There are some days in Haiti where the hours simply fly by. I reach the end of the day, float up the steps, waltz through the door, sink onto the couch, and my heart sighs in contentment as it looks back and smiles at the joy-filled, productive, and victorious moments of the day.
There is the stooped and wizened old man who leads me from the hot, dusty road of Leveque past the cactus fence, through the bent and angled corrugated tin gate into the cool shade of his front yard. His eyes become animated pools of simple joy as he gives me a botany lesson about each vegetable, flower, and herb in his garden, his hands gently informing, telling a story. It is the simplicity of moments and friendships like these that my heart cherishes.
There are the moments when I step on to what feels like thin ice. I sit down next to Lydia or Rosenie in a room thrumming with sewing machines and chatter, take a deep breath, attempt to draw forth the entirety of my Creole knowledge, and talk about the weekend. I listen carefully, brows furrowed, trying to discern the sounds of abbreviated and shortened words and connect what I’m hearing with the vocabulary files that feel like they are at the far, far reaches of my brain. My face relaxes and my mouth tips up into a smile as I start to put the pieces of a story together. Moments with family. Days spent cooking. Hours of laundry. Mornings filled with church. Time spent in prayer. And then it is my turn. My brain scrambles to remember grammar and syntax. Amidst smiles, encouragement, and shared laughter, I haltingly verbalize my weekend. Moments with my own Haiti family. Adventures in Port Au Prince. Sweet mornings worshiping and learning in church. I come to an end of my known Creole vocabulary and my voice trails off. They smile at me and they tell me how well I am doing with my Creole. I grin back and say that I have the best teachers with the utmost patience. We laugh, share a hug, and continue with our work. It is small victories that deeply encourage my heart.
There are moments when the joy that comes from using the gifts God has given completely overtakes my heart. 142 pastors, shepherds, spiritual leaders converge on our pastoral conference center. Framed on one side by the uninterrupted stretch of azure waves and by interminable mountains on the other, they sit, gathered around circular tables ready to learn from God’s Word. The comfortable murmur of chatter rises and falls as I make my way towards a table where chatter does not break the air with vibrations of sound, but instead cuts through physical space with hands that are transformed into tools of communication. Three Deaf pastors are joining the training, and I, along with another interpreter, have the privilege of opening the door to communication access. Old Testament survey. New Testament survey. The authority of Scripture. How to understand the words of God. Questions. Answers. Prayer. Worship. My heart swells with gratitude as I see the light of comprehension on the upturned faces before me, the nods, the knowing smiles. Here are three pastors who will take the light of understanding, the light of truth, the brilliant light of the Messiah to which Scripture points to their churches, to the people of their village. Facilitating understanding for the ultimate end of spreading God’s glorious gospel... this is the best kind of productivity.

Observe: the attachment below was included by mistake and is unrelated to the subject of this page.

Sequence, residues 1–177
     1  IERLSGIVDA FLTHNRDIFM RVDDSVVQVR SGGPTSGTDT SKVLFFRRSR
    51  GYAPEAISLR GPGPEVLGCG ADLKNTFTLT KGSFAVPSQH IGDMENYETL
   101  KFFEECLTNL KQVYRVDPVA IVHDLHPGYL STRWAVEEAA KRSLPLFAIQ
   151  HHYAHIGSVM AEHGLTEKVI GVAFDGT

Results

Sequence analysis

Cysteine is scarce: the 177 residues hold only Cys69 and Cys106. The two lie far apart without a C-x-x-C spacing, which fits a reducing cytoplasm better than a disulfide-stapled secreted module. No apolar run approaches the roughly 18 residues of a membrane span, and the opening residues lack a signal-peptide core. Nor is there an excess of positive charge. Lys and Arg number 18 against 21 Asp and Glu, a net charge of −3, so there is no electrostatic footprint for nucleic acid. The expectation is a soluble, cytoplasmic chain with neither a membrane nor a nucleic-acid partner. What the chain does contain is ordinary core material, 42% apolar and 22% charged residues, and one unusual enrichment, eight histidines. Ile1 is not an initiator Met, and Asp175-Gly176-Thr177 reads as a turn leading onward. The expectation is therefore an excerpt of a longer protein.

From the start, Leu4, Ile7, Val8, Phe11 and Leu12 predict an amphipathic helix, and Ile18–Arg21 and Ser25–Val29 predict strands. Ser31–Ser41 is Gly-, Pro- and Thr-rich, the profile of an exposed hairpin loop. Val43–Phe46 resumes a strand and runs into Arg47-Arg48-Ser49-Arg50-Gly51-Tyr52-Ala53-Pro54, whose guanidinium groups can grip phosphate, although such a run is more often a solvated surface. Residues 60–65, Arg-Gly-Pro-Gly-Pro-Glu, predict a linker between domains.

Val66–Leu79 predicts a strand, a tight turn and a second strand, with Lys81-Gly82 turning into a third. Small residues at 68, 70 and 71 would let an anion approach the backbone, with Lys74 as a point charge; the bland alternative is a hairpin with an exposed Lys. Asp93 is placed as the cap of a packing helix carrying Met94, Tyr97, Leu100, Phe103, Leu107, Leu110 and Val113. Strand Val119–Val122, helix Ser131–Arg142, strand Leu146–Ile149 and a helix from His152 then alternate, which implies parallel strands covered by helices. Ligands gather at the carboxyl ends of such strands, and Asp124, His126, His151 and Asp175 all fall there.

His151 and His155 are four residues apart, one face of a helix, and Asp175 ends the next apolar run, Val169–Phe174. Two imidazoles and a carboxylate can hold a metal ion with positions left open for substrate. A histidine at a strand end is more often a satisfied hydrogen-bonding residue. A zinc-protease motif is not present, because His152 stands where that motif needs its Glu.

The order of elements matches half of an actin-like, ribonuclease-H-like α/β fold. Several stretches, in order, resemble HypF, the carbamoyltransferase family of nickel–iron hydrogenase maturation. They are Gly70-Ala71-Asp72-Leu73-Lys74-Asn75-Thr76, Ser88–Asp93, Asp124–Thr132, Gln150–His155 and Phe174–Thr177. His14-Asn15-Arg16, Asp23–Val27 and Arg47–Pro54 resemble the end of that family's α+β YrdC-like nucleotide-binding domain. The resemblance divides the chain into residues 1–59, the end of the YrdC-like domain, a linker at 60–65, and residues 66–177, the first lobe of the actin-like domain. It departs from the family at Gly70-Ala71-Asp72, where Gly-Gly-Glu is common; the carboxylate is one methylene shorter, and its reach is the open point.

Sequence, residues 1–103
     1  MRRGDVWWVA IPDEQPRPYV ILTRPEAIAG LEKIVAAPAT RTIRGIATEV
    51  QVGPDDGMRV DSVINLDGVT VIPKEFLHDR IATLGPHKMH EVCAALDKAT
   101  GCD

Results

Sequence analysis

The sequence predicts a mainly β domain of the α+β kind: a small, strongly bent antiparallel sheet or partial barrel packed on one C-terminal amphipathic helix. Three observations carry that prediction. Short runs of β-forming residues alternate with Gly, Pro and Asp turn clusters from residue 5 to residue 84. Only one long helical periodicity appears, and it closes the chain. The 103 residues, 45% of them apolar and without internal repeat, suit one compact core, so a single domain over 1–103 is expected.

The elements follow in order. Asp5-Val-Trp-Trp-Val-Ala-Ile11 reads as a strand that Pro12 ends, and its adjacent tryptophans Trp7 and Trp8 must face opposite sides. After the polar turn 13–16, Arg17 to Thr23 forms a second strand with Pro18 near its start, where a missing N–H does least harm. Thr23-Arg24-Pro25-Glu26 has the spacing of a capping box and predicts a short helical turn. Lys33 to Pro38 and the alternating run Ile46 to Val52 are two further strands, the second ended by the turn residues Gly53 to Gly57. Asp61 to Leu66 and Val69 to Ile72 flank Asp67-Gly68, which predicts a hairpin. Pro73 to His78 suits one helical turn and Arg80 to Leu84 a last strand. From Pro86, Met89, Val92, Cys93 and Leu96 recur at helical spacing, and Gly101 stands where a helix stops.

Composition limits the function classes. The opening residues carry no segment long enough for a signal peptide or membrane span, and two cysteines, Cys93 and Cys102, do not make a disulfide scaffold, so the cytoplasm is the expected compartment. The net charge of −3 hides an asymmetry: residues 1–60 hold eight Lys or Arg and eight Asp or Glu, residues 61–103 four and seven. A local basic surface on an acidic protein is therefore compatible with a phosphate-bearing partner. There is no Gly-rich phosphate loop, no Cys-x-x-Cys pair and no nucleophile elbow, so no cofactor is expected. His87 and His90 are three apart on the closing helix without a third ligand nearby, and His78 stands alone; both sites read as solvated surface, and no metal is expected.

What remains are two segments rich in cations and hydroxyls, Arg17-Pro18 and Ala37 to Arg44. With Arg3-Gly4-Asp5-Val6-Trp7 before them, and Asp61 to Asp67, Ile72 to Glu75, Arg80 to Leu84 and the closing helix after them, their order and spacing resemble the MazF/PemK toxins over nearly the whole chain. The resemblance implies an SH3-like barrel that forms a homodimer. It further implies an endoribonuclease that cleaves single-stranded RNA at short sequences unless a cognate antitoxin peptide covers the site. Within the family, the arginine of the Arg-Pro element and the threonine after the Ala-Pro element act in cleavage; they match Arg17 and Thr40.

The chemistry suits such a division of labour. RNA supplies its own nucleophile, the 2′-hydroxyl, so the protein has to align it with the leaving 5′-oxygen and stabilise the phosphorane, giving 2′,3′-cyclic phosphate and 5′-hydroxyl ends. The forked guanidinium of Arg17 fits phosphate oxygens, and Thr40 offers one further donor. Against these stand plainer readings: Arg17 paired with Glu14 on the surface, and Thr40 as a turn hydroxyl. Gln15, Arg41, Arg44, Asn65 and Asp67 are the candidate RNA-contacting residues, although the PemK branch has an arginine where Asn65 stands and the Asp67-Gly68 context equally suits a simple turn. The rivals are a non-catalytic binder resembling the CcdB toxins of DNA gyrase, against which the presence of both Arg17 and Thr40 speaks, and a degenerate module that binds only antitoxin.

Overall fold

But then there are other days, when I reach the end of the day, drag myself up the steps, trudge through the door, collapse onto the couch and my heart laments the frustrations, calamities, and difficulties that have passed.